Gallatin as it flows down through the dramatic Gallatin Canyon.  This is probably the most popular section of the river for anglers because of the access combined with the deep holes and pocket water that hold a lot of fish.   The water is very easy to read in this section of river and the fish will hold in the most likely of spots.  You will have to deal with raft traffic during the summer between the Moose Creek Campground downstream to the Storm Castle Bridge.  This is the whitewater section of the river which is home to the “Mad Mile” and “House Rock”.  If you are here with the family and want to give whitewater rafting a try this is one heck of a ride when the water is high.   The raft traffic doesn’t really affect the fishing but it does take away from some of the aesthetic value of being on the river.  Below the Storm Castle bridge you will see very little boat traffic.  The fishing in this section of river is wonderful but be careful when wading, the rocks are like “greased bowling balls” and even the most confident wader can take a spill.  I highly recommend a wading staff for anglers on the Gallatin.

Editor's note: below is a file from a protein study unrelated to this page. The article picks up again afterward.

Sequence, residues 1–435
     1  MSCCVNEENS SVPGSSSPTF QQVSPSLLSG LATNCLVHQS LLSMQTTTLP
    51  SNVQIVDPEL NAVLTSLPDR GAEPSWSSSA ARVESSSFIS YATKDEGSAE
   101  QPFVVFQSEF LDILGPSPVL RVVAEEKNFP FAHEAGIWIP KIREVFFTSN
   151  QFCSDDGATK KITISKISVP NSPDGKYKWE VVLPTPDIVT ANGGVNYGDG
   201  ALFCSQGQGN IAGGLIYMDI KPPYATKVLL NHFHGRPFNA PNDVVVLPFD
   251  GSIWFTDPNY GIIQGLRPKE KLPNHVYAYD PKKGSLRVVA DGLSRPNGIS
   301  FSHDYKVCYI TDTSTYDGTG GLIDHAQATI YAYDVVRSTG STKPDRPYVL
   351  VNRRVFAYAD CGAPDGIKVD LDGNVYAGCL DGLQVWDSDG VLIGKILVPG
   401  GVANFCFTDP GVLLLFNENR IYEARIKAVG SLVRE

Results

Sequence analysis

The Gallatin Valley:

The river breaks out of the Gallatin Canyon and heads into the wide open Gallatin Valley.    As it leaves the confines of the Canyon the Gallatin takes a pretty drastic change in character.   The gradient of the river bed is reduced and with the openness of the valley the river can spread out.  Much of the river flows through private land once it hits the valley but there are still plenty of access points that will give you the opportunity to get on the water.   The first 10 to 15 miles

Another tree in the way